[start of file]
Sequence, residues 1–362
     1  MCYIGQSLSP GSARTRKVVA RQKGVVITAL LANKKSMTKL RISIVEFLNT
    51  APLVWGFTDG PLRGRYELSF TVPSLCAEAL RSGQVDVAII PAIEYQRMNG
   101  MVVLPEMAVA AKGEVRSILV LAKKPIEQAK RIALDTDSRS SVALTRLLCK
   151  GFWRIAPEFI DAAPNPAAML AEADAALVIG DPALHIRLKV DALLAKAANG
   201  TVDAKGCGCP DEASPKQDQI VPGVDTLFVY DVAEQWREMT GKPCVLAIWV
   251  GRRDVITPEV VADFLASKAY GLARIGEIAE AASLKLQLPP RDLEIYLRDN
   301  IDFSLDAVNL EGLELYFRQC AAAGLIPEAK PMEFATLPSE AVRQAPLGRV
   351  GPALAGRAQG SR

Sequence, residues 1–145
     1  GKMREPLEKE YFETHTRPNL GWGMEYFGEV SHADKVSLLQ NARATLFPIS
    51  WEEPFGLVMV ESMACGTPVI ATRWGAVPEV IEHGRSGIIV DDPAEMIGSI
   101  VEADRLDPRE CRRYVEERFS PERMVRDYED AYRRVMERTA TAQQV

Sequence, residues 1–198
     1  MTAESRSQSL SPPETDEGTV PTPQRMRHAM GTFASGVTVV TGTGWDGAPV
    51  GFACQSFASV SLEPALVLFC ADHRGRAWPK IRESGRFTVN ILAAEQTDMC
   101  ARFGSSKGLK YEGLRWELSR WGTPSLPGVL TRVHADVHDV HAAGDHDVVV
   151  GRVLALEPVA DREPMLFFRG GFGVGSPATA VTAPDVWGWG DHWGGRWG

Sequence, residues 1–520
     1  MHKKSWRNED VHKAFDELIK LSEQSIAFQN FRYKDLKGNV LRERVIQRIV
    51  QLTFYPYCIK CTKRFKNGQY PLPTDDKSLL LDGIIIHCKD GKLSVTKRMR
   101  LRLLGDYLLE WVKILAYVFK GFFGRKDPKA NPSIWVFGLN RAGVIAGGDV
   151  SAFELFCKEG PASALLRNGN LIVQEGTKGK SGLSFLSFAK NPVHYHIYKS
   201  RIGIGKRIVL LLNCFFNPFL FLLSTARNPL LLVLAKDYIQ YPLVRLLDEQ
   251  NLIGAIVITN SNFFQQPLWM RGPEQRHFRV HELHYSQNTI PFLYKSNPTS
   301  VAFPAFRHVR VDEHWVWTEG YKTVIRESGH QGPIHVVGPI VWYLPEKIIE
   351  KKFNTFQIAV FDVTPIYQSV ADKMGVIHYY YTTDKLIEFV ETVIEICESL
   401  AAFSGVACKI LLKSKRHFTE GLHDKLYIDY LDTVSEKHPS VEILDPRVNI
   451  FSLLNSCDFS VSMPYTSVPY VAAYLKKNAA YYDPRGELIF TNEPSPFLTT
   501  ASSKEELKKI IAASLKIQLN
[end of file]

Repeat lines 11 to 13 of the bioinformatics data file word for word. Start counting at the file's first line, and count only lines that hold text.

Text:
     1  GKMREPLEKE YFETHTRPNL GWGMEYFGEV SHADKVSLLQ NARATLFPIS
    51  WEEPFGLVMV ESMACGTPVI ATRWGAVPEV IEHGRSGIIV DDPAEMIGSI
   101  VEADRLDPRE CRRYVEERFS PERMVRDYED AYRRVMERTA TAQQV